Water hardness refers to the amount of calcium and magnesium salts dissolved in water. Hard water also reacts chemically with soap. Increased levels of calcium and magnesium in water make it ‘hard’ to get soap to lather.
What makes water ‘hard’?
Hard water is formed when water passes through or over limestone and chalk deposits prior to the treatment process. These minerals are naturally occurring in all water sources and are important for the development of bones or shells of aquatic organisms (calcium) and photosynthesis in plants (magnesium).
The hardness of water depends on the water’s original water source and is independent of the treatment process. This is why water hardness varies from region-to-region across Australia (see Figure 1).
Water hardness in the home
Hard water may leave white spots or flakes on drinking glasses, shower screens, car windows, kettles or hot water heaters. This is because the minerals remain after the water has evaporated. This can occur with both recycled water and drinking water.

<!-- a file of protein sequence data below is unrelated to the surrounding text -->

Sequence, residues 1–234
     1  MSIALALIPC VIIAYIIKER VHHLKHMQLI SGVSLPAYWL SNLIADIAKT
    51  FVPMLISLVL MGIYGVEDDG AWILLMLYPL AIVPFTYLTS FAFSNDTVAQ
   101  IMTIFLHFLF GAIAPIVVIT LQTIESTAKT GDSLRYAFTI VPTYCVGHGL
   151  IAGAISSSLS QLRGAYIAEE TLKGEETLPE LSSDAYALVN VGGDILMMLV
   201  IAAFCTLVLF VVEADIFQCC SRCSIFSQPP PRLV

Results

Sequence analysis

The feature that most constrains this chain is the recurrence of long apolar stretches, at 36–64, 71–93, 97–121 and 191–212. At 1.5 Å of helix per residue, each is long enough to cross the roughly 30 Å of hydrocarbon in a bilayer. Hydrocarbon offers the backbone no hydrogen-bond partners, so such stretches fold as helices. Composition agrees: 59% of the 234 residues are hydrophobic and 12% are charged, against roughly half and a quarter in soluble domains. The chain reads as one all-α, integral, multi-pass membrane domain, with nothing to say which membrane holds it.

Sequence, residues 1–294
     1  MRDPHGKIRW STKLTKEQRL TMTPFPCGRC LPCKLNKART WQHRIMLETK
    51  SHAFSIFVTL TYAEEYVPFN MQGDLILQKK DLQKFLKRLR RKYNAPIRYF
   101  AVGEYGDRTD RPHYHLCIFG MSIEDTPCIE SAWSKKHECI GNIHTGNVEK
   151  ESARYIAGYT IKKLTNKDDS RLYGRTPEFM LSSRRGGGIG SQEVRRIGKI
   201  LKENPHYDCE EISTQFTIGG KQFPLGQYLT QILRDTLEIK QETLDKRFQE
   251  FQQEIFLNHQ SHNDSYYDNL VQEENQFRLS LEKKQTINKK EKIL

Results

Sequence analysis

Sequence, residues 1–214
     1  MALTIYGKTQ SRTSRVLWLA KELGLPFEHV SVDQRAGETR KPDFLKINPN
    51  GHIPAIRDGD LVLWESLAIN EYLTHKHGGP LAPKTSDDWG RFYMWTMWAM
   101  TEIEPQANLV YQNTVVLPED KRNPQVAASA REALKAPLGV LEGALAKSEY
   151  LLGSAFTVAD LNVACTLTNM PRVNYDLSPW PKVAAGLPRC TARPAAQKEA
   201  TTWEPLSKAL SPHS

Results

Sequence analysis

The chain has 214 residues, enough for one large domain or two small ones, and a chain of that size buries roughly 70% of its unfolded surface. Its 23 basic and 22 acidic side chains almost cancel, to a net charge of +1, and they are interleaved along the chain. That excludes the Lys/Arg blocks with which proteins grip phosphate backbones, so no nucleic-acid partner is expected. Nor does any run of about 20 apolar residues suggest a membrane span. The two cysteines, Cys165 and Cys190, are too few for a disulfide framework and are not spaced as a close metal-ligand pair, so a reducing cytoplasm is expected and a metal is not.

To minimise these spots or streaks occurring avoid allowing water to pool or quickly evaporate and, for best results, always dry your car or glass with a microfiber towel or chamois.
Drinking water hardness in the Ballina Shire
The total hardness of the drinking water supplied in Alstonville, Ballina and Lennox Head is typically in the region of 60mg/l as CaCO3, 0.65 mmol/l or 3.7°d. Wardell, Meerschaum Vale and Cabbage Tree Island is typically in the range of 30mg/l as CaCO3. This water is classified on the border of moderately soft and moderately hard.
Is my recycled water ‘harder’ than drinking water?
Only slightly. The recycled water currently supplied out of the Lennox Head Treatment Plant has a water hardness of approximately 90mg/l as CaCO3. Although this is higher than drinking water, users are unlikely to notice a difference between the two water sources.